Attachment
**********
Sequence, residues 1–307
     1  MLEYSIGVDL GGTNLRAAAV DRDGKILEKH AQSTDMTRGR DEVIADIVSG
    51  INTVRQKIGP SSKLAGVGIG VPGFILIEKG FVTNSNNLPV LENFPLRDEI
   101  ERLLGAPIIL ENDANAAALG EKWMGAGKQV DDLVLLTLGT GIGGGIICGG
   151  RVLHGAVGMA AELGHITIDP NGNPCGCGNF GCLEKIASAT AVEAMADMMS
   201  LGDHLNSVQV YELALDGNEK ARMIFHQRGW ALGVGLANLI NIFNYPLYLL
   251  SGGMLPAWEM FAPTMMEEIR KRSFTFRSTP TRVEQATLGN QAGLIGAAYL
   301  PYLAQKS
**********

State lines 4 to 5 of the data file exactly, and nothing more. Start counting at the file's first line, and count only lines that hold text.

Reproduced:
   101  ERLLGAPIIL ENDANAAALG EKWMGAGKQV DDLVLLTLGT GIGGGIICGG
   151  RVLHGAVGMA AELGHITIDP NGNPCGCGNF GCLEKIASAT AVEAMADMMS